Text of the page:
Oh boy, do I miss the Durrow Vintage Show. For thirteen years the third or so weekend in April saw the Durrow show take place, attracting huge turnouts to this season opener. Originally started by Seamus Ryan back in 1979, the event ran for a few years and slipped away until Seamus’ son,Austin Ryan brought it back to life in the grounds of Durrow Castle in 2003. I think my first trip was in 2005, but in 2006 I drove my Mk1 Escort 1300 to the show from Oranmore in convoy with Gerry Barrett in his Fiat 850, and that was the start – from there I don’t think I missed a year. The success of the show was such that it soon outgrew the grounds of Durrow Castle and moved to a field just on the Cork side of Durrow, and with the move came a long-standing sponsorship agreement with ourselves at Irish Vintage Scene. To this day I am still proud to have been involved in this great show, which over the years would give so many people great pleasure. It really was one of the best in its heyday, and right up to the final year in 2015 it was the one show that everyone looked forward to, to kick the show season off. Now it’s just a memory. Many still talk about the great days in Durrow, and just as a reminder, here is a report we published in 2015 on what would be the final show.
Tom Heavey, Managing Editor.
Durrow Vintage Show 2015
While there are a number of vintage and classic events that take place around the country in March and early April, the annual Durrow Vintage Show in late April is recognised as a true indicator that the year’s show season has officially started. This year’s took place on Sunday the 19th in dry, if rather windy and chilly, conditions, and as I struck off for Co. Laois from Cork at 7am that morning I had a good feeling that this could be another big one for the Durrow Vintage Club. Sure enough, I had literally just rolled into the venue before 9am when the impressive attendance that was in store began to become apparent. I’d never seen the queuing begin so early, and by noon the venue was absolutely heaving with all manner of vintage, classic and retro cars, tractors, steam engines, motorcycles, commercial vehicles and stationary engines. The attendance was certainly going to be up there with the 1,200+ exhibits of recent years, or even more.
A huge talking point of this year’s event was the autojumble. This has long been a very popular aspect of the show, but this year’s just took the biscuit, with a massively increased number of stalls. What’s more, the content was all really good stuff, comprised of car and vehicle parts, antiques, automobilia, books and lots more of genuine interest to the enthusiast. Indeed, myself and Tom Heavey’s “quick run around the autojumble” early in the day turned into over an hour’s worth of rummaging, with Tom coming out with such random titbits as a model garage and a display cabinet, and I was seen early on trudging up the field with some Ford Model Y wheels under my arms. In fact, we could have spent all day down there, and had to tear ourselves away as noon approached and duty called.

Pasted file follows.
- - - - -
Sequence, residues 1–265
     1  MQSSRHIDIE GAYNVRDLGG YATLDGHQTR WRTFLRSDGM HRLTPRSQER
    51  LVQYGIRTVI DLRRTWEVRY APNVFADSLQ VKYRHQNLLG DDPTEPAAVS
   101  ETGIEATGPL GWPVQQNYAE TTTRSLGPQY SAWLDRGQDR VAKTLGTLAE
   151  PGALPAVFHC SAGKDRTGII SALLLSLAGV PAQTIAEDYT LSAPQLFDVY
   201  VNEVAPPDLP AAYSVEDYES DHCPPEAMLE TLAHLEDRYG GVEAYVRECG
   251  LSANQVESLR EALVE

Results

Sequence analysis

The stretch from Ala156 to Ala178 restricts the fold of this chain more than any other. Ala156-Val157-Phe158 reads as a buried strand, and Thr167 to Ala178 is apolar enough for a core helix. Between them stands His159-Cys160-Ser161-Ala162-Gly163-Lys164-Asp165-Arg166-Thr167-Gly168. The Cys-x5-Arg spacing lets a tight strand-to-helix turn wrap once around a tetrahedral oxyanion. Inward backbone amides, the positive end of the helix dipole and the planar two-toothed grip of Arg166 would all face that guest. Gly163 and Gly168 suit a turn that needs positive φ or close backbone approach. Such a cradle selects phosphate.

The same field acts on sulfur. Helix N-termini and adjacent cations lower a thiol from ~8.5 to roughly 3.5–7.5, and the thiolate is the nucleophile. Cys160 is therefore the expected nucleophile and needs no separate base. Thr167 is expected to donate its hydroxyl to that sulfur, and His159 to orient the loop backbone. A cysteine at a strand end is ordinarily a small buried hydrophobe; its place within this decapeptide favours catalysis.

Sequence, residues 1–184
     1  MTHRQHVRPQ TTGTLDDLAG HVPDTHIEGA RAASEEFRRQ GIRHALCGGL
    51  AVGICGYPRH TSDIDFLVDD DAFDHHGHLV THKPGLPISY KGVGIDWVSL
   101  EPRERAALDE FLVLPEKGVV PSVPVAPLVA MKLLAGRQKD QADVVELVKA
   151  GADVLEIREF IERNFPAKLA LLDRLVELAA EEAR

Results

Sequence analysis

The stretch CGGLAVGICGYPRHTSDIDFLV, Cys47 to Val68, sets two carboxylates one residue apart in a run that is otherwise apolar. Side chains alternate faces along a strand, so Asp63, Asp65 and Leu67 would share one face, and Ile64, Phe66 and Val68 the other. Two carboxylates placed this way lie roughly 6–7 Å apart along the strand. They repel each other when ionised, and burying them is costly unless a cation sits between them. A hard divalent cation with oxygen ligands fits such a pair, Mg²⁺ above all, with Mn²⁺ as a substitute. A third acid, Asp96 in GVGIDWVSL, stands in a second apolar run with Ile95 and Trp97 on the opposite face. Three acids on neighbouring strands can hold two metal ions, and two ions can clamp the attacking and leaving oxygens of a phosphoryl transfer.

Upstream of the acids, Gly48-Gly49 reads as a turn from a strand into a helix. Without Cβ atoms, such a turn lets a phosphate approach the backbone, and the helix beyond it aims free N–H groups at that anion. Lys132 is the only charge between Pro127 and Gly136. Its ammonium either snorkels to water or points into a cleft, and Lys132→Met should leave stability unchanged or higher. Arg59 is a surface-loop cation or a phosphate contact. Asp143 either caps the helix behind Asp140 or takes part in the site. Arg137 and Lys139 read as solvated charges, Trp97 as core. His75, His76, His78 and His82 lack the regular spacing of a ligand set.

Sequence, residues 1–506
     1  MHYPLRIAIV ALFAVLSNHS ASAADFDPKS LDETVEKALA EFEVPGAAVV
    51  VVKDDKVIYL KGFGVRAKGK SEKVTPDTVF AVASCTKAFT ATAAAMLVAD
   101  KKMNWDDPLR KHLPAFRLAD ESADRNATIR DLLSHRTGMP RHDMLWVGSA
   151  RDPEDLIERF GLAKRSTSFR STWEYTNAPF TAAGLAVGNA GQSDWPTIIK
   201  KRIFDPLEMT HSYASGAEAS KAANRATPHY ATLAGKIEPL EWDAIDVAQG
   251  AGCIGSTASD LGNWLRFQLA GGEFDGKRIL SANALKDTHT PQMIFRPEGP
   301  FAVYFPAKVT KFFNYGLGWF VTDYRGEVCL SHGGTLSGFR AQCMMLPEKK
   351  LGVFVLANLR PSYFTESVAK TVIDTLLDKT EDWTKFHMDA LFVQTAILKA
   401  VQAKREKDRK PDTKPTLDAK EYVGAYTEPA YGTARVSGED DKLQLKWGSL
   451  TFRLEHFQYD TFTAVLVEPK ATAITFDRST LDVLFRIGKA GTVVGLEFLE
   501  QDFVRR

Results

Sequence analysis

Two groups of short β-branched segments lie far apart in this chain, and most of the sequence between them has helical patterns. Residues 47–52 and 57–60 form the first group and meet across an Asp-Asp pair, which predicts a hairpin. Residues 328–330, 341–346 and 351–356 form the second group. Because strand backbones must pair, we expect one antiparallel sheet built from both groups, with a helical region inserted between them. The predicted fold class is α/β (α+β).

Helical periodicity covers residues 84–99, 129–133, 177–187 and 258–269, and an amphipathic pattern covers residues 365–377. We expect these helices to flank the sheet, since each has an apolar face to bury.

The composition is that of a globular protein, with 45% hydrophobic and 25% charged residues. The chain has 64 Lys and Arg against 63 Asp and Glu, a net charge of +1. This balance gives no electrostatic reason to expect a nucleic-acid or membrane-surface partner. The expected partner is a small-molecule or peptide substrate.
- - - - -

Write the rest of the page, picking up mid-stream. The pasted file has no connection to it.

As one of the first big events of the year Durrow is always a great place to re-establish contact with friends and acquaintances involved in the hobby, and never was this more evident than this year. The bright weather and big turnout had everyone in buoyant form, and everywhere you looked there were people shaking hands, laughing and sharing flasks of tea. Club participation too was as strong as always, with displays from many including Classic Fiat Ireland, Capri Club Ireland, Rootes Group Owners Club, Ballinakill Vintage & Classic Owners Club, to name but a few. The Rootes Group Owners Club put on a particularly interesting display from an Irish Vintage Scene point of view, as this contained a line-up of six former feature vehicles spanning seven years, from John Sheppard’s Hillman Imp from our June 2007 cover to James Allen’s Hillman Californian from our April 2014 issue.
The turnout of steam engines was impressive this year, and seems to increase with each passing show; these titans of a bygone age are always a very popular display with the public, particularly youngsters who’ve never come across such a thing before and simply stare up at them in awe. Another special display from the day was the line-up of McCormick/International tractors and implements, which contained some real gems including a particularly nice Farmall M and a very well restored Cub. And, not to be beaten, our own display on the Irish Vintage Scene stand proved very popular as it showcased all of the cars and tractors from our May issue, which was for sale hot off the presses on the day. In fact, our cover car from that issue, Joe Conroy’s immaculate black Ford Escort RS2000, drove away with the attractive crystal trophy for ‘Best in Show’, much to Joe’s delight. All of our display vehicles got a lot of attention though, and we’d like to thank Joe, Ken, Pat and Brian for putting them on show for us.
As is usual at Durrow, even though most of the crowd had left by around 5pm there was still plenty of chat to be had by those hanging around until the last minute, However, eventually our stand was packed away and the camper was ready to roll out. As my Passat headed for Cork with a full camera and a boot full of autojumble bits I had to admit that the 13th Durrow Vintage Show was one of the very best yet. And that’s saying something.